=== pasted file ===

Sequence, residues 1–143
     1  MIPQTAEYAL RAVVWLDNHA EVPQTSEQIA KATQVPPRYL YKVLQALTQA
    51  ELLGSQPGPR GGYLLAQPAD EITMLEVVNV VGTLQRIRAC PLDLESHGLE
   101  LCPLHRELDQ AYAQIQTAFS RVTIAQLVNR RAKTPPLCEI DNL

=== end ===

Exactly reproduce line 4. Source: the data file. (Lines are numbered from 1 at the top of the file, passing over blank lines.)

   101  LCPLHRELDQ AYAQIQTAFS RVTIAQLVNR RAKTPPLCEI DNL